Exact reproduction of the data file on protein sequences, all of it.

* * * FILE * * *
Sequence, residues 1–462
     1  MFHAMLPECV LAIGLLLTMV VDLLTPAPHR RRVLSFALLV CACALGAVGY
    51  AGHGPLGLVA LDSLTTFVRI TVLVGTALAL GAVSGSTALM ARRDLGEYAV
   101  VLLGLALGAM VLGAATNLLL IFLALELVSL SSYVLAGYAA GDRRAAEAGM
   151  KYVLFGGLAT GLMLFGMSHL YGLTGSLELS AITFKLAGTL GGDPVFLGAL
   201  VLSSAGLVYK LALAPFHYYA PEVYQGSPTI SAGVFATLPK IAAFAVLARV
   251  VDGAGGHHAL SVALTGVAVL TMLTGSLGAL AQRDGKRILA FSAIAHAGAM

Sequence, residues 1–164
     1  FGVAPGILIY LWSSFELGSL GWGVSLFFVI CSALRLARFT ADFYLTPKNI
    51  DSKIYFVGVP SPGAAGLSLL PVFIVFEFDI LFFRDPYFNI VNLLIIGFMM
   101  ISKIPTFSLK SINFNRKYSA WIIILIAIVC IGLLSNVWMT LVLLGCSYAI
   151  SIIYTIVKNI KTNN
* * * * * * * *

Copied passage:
Sequence, residues 1–462
     1  MFHAMLPECV LAIGLLLTMV VDLLTPAPHR RRVLSFALLV CACALGAVGY
    51  AGHGPLGLVA LDSLTTFVRI TVLVGTALAL GAVSGSTALM ARRDLGEYAV
   101  VLLGLALGAM VLGAATNLLL IFLALELVSL SSYVLAGYAA GDRRAAEAGM
   151  KYVLFGGLAT GLMLFGMSHL YGLTGSLELS AITFKLAGTL GGDPVFLGAL
   201  VLSSAGLVYK LALAPFHYYA PEVYQGSPTI SAGVFATLPK IAAFAVLARV
   251  VDGAGGHHAL SVALTGVAVL TMLTGSLGAL AQRDGKRILA FSAIAHAGAM

Sequence, residues 1–164
     1  FGVAPGILIY LWSSFELGSL GWGVSLFFVI CSALRLARFT ADFYLTPKNI
    51  DSKIYFVGVP SPGAAGLSLL PVFIVFEFDI LFFRDPYFNI VNLLIIGFMM
   101  ISKIPTFSLK SINFNRKYSA WIIILIAIVC IGLLSNVWMT LVLLGCSYAI
   151  SIIYTIVKNI KTNN